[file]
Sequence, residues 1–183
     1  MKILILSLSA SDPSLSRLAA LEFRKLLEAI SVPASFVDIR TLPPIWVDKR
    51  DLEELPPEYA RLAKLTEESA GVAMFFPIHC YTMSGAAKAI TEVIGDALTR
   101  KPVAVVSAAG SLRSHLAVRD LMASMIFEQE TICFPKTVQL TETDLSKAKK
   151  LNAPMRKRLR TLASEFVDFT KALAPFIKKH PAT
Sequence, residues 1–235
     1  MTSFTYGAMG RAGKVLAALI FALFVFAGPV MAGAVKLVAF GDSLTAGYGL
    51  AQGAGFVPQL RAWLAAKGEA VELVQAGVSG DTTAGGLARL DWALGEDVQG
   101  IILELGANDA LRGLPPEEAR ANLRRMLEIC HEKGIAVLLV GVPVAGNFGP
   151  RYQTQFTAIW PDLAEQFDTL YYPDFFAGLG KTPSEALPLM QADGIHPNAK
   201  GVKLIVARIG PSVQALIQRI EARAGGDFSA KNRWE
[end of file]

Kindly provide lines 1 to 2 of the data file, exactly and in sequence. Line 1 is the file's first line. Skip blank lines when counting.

Sequence, residues 1–183
     1  MKILILSLSA SDPSLSRLAA LEFRKLLEAI SVPASFVDIR TLPPIWVDKR